View of the entrance to Fishguard, from Goodwych sands Octr 1st 1814: A beach scene showing people in various activities. A man and woman are possibly carrying a basket of fish or cockles. ~ Source: National Library of Wales ~ Creator: William Daniell (1769-1837) ~ Date: 1814

On other occasions, the Plant Rhys Ddwfn appeared around the Fishguard area as mermaids sitting on rocks and combing their hair. In 1858, Daniel Huws supposedly encountered a mermaid between St David’s and Fishguard. Except for her fishtail she was said to look ‘like the lasses of Wales’ and spoke Welsh to the men who approached her, before she disappeared back into the sea. At another occasion, a mermaid was spotted outside Fishguard at Llanwnda, where in 1798 the French had made an unsuccessful attempt at invading Britain. The men who saw her abducted her and took her home with them. She only regained her freedom in exchange for three bits of advice which were remembered in the family ever afterwards.

photograph of the cliffs at Pwll Deri
The cliffs near Pwll deri: After ransacking Garnfawr Gottage at Pencaer, the mysterious lady is said to have made her escape to the cliffs of nearby Pwll Deri and returned to her watery home ~ Source: Wikimedia Commons ~ Creator: Lesbardd ~ Date: 2014

In 1910, another local newspaper, The Pembrokeshire Herald and General Advertiser, reported a strange occurrence in Pencaer, Fishguard. A heavily veiled woman barged into Garnfawr Cottage, which at the time was empty except for a little girl. The girl watched the woman go from room to room, rifling through all the family’s possessions as if she was searching for a lost item, but taking nothing. She then climbed the ladder to the crog loft, but was trapped by the little girl removing the ladder. Despite this, the woman escaped by jumping through one of the windows and leaving no trace. Owing to her odd dress and behaviour, it was thought that Garnfawr Cottage had been visited by a mermaid who had emerged from the sea at nearby Pwll Deri.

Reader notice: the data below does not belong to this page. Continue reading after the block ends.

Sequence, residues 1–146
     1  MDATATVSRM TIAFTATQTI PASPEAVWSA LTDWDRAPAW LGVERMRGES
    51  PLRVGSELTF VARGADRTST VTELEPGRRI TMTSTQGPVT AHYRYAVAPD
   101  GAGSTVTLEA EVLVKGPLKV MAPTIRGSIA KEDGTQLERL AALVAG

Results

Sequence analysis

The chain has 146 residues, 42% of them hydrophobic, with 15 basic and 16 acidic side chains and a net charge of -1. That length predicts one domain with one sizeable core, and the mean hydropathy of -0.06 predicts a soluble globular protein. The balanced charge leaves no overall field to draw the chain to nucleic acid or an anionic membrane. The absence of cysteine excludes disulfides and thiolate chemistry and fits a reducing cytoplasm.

1808 pencil drawing of lower town Fishguard
Fisguard from the Northside of the Harbor: A pencil sketch of Fishguard, showing the old harbour below and the town extending on the opposite hill. ~ Source: National Library of Wales ~ Creator: Unkown ~ Date: 1808

Factoids

  • Rhys Ddwfn’s invisible island realm roughly overlaps with Gwyddno Garanhir’s ancient drowned kingdom, the famous Cantre’r Gwaelod of Cardigan Bay.